Hi, Patti - please don't fret.
I believe you can count both Downys since they are distinguishable one from
the other (one male, one female). It is inseparable species (chickadees,
titmice, etc.) that you shouldn't amass a count based on singletons. The
idea is to get the maximum together, without duplicating individuals.
So - go ahead,Patti - count those Downys. Both of them : )
The Greene County
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From: Vermont Birds [mailto:[log in to unmask]] On Behalf Of Patti Haynes
Sent: Saturday, November 12, 2011 2:07 PM
To: [log in to unmask]
Subject: Re: [VTBIRD] Back Yard Activity
I'm finding that Project Feeder Watch is very different than eBird! This is
my first year participating in this program, and I'm still reading the
instructions as to what I can count and what I can't. I'm trying to do both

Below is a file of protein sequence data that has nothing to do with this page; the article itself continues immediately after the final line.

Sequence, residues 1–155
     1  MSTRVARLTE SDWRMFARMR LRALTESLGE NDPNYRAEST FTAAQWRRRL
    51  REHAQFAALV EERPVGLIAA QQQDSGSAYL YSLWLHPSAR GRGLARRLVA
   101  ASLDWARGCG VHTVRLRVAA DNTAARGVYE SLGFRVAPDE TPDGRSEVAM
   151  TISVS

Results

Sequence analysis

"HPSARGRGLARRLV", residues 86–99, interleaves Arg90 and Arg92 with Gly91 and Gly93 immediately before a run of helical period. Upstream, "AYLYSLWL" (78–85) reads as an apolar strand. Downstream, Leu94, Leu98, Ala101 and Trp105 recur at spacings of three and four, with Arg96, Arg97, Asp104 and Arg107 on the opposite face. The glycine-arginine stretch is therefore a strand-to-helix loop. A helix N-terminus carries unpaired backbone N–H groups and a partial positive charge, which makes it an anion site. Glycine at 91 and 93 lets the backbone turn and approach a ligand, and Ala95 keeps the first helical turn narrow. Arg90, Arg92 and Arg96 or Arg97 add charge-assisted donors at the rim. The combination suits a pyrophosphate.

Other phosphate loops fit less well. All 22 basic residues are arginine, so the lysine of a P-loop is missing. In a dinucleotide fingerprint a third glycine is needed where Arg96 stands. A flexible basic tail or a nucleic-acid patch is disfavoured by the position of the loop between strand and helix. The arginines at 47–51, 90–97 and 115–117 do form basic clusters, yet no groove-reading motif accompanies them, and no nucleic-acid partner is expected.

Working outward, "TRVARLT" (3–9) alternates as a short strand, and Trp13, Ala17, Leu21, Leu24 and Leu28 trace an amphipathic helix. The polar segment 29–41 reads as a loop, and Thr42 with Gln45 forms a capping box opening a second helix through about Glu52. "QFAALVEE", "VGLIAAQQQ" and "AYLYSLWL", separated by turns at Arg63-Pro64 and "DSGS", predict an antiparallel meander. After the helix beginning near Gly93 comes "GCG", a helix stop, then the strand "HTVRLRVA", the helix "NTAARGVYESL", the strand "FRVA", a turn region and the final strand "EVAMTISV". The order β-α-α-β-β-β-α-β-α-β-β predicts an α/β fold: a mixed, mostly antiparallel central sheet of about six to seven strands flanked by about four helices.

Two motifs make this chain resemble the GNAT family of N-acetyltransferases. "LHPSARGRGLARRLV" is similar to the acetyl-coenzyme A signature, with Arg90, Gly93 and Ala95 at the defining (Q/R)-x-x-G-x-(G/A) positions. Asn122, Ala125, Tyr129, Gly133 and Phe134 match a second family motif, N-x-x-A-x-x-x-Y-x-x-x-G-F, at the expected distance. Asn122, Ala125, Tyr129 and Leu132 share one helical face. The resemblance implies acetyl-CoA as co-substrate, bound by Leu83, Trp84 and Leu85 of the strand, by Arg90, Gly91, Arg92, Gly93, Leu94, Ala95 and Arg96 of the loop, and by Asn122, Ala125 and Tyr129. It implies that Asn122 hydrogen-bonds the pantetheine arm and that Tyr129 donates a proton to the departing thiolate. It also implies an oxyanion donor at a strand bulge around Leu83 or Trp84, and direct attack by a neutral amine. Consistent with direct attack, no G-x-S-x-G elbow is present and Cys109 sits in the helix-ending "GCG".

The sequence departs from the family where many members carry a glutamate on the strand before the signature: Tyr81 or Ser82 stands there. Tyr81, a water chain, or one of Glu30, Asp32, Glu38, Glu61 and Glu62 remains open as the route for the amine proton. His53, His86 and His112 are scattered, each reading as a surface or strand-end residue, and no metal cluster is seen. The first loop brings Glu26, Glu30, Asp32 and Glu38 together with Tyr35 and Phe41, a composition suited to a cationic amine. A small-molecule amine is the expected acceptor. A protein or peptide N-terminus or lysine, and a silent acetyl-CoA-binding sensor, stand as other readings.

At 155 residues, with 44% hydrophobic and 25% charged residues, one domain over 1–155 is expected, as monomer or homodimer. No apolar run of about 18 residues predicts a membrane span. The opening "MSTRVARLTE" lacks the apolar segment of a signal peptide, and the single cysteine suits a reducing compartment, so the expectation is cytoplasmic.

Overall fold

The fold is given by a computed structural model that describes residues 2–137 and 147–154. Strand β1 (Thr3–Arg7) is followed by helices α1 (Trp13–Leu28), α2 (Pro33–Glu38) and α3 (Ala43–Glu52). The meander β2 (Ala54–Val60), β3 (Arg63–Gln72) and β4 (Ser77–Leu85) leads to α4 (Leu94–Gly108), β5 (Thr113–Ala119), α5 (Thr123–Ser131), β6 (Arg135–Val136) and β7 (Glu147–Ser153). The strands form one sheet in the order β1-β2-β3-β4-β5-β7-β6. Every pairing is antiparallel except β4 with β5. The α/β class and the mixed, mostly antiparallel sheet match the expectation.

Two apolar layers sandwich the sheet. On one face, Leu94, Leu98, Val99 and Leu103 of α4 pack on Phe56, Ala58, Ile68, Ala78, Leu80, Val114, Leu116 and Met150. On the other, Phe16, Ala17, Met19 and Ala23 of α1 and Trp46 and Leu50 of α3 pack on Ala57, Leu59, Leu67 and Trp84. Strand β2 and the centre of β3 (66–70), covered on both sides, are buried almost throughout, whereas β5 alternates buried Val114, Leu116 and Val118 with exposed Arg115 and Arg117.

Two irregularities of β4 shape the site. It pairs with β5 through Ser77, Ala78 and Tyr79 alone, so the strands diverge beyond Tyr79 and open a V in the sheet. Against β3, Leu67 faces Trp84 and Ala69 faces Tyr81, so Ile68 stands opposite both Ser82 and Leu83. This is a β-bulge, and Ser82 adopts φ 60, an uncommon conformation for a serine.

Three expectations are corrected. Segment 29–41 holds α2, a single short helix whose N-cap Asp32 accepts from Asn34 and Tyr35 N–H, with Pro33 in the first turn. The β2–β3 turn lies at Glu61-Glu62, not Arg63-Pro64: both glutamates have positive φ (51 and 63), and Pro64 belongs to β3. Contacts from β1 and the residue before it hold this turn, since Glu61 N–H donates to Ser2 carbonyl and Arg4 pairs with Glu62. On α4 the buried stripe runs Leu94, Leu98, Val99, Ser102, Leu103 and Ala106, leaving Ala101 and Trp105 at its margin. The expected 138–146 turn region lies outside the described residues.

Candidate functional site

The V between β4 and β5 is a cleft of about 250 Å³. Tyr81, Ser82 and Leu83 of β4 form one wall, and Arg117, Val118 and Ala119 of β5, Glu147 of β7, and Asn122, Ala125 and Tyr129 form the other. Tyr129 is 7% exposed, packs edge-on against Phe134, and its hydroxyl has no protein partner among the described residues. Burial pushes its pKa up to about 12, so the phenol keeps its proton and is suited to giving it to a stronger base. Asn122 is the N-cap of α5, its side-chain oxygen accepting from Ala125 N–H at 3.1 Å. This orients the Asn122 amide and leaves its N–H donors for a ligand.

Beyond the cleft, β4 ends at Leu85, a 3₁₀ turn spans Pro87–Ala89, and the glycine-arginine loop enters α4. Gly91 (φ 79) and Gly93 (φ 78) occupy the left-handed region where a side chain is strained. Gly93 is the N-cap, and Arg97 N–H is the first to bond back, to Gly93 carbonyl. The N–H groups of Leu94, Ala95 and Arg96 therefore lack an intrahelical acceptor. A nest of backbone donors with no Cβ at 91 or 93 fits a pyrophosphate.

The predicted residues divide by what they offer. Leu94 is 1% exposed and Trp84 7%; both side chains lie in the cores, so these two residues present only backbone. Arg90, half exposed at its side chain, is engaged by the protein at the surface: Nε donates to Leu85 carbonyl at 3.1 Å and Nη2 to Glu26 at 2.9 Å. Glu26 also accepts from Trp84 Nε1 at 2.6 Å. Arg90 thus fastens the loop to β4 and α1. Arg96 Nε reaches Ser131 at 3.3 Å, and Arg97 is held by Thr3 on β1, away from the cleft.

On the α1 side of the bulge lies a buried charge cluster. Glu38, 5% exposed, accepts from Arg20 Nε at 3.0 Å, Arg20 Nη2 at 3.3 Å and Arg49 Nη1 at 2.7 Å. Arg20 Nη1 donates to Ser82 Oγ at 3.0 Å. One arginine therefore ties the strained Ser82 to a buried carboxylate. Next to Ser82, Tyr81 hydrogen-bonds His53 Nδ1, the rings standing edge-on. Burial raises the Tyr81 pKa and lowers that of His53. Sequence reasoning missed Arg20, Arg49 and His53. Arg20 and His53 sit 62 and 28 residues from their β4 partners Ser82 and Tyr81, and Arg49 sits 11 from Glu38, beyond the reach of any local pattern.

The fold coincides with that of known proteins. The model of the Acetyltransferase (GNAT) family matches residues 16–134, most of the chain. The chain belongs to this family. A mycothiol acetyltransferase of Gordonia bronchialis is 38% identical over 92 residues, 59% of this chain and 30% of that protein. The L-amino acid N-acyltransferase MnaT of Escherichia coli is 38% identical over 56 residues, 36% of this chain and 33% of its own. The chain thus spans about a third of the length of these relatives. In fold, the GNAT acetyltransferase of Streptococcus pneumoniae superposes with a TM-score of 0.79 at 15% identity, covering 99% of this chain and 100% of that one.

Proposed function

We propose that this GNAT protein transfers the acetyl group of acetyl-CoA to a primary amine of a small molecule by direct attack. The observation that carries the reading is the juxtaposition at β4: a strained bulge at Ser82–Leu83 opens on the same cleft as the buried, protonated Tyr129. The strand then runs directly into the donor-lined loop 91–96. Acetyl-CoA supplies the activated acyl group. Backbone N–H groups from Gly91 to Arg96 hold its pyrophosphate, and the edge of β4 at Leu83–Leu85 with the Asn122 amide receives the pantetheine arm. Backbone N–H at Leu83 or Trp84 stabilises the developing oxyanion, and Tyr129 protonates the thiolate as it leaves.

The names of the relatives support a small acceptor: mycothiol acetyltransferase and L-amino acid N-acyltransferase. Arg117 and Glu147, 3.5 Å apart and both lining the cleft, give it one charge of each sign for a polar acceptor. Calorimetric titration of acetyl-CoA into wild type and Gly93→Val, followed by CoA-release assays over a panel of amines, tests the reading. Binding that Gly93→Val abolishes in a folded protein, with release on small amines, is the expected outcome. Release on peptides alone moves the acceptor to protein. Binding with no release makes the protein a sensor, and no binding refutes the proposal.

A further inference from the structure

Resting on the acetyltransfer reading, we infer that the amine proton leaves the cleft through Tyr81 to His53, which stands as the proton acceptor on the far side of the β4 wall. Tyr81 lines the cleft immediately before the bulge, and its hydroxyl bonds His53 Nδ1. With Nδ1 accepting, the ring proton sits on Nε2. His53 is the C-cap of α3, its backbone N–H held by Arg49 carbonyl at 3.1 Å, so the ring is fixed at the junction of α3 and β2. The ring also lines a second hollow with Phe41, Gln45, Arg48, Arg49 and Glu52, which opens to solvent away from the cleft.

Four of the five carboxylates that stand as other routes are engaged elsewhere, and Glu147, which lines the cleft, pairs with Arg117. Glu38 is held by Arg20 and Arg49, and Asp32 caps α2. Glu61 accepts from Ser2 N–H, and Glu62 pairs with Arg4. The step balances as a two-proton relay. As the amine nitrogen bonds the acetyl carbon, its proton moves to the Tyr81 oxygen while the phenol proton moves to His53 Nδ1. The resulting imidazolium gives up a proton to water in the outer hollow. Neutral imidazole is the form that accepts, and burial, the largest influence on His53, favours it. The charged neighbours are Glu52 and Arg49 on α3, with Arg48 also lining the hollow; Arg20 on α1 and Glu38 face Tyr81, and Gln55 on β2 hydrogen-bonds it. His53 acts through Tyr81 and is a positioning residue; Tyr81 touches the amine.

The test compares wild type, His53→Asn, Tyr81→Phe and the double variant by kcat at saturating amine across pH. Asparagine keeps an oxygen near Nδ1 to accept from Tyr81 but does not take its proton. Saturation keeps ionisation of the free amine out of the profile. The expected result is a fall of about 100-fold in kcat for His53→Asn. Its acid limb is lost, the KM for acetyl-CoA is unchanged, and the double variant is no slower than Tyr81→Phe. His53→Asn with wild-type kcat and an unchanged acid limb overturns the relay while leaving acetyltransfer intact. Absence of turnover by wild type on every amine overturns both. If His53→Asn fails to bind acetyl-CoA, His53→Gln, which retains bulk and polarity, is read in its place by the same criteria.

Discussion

entries, and it's more work for sure, but a worthwhile effort.
This morning I had 11 species that I could count, and only a few that I
can't. Although it bothers me that I can't count 2 Downy's because the male
and female were not together. Luckily the Cardinals were!
On Sat, Nov 12, 2011 at 9:36 AM, Marcia Baker <[log in to unmask]> wrote:
> In over two hours of counting for Project Feederwatch this a.m. I have a
> total of two birds, a male downy and one chickadee.
> Marcia in Brownsville
> -----Original Message-----
> From: Robert Dudley <[log in to unmask]>
> To: VTBIRD <[log in to unmask]>
> Sent: Sat, Nov 12, 2011 8:31 am
> Subject: [VTBIRD] Back Yard Activity
> Good Morning All,
> I have been slowly introducing my feeders to the back yard and finally put
> y suet feeders last weekend. We have had several bear sightings in the
> nd until last weekend I was bring in all of the feeders at sundown and
> hem back out in the morning. Today is also the first day of feeder watch
> f course I ending up with waves of goldfinches and tufted titmouse
> he count for the latter is usually 3-5 for an half hour but today's count
> 8. No Junco's! They are not too common at my feeders at the best of time
> er half hour), but I seldom get skunked. Also no nuthatches. However the
> irst of the winter at the feeder was a red bellied woodpecker.